Release Date: March 14th, 2016
Summary: The Broken One. Sixteen-year-old Farris Sloan is picking up the pieces after the untimely death of her best friend Kelsey. But even one year later, Farris can’t seem to find “normal” again—not until Lane Evans pops back into her life and pushes her to face reality. When he offers her the chance to find out the truth about Kelsey’s death, Farris fears what will surface. Is it too much too soon or just what she needs to move forward? The Broken One explores a teen’s struggle to overcome loss and her hope to rediscover what it truly means to live and love.
Genre: Contemporary YA
I turned onto Miller Street, a dead-end road with only one turnoff, which led into Kelsey’s neighborhood. I immediately spotted flashing blue lights ahead in the distance, up the hill at the dead-end. An unexplainable force pulled me toward the mesmerizing lights that danced against the overcast sky. I didn’t think—I just sped off past the wall of trees that edged the front of Kelsey’s upscale neighborhood and passed right by the turn onto her street. My legs burned as I fought my way uphill. At first, I ran as fast as I could, but the closer I got to the lights, the farther off they seemed to be and the slower I moved.
When I finally made it to the top of the hill, I stopped and stood a few yards away from a fire truck and police SUV that, together, formed a barricade. It was all a blur—a blur of uniforms, colliding voices, rumbling engines, and emergency dispatchers echoing from radios. In all the chaos, I managed to slip between the two vehicles unnoticed, like a ghost.
At first, I only saw the yellow police tape. Then I spotted the back of Kelsey’s two-door hatchback with its “Stay Weird” bumper sticker. Beyond the silver car, I saw the guardrail Kelsey and I had dented two years ago in her dad’s golf cart. My eyes narrowed in on the dulled metal, pulling me in like a magnet.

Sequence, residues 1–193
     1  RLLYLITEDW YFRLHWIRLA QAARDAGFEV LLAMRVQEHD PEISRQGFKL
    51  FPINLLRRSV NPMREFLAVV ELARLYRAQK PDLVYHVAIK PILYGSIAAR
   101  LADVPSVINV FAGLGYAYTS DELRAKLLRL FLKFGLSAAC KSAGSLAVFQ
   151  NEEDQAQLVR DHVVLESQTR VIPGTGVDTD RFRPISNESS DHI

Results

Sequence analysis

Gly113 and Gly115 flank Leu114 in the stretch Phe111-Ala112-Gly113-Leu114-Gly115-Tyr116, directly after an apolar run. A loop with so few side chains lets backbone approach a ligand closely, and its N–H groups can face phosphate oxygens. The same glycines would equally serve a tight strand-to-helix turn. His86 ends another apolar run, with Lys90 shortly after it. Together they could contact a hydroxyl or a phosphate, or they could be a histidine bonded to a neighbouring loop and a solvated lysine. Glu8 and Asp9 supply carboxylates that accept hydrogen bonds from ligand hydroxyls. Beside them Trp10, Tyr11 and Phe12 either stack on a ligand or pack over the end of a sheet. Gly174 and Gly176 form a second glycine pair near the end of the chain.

I moved closer, marching to the loud drumming in my ears, and only stopped when my legs hit the rail. I gripped the cool metal and looked down over the steep ravine, watching a few small rocks tumble down the side. I blinked a couple of times, trying to focus on the activity down below where even more uniformed officers stood. Then I saw it. “No,” I whispered. “No.”
All of a sudden, I felt someone pulling me from behind and fell onto the pavement, hitting the side of my head on the way down. Slowly opening my eyes, I caught a blurry glimpse of the officer who had taken me down. He asked me if I was okay, and I nodded, shutting my eyes again.
Flashes of the silver car I’d been in a million times flew by in my mind, spliced in with another image—of the body I’d just seen at the bottom of the ravine. I kept seeing it over and over like a trailer for the latest horror movie. But it wasn’t some actress in a film. It was my best friend’s lifeless body at the bottom of that rocky cliff. The stark image taunted me: large, jagged boulders breaking out from a coating of pure white snow forever marked with her blood—her body, splayed across them, crooked and broken.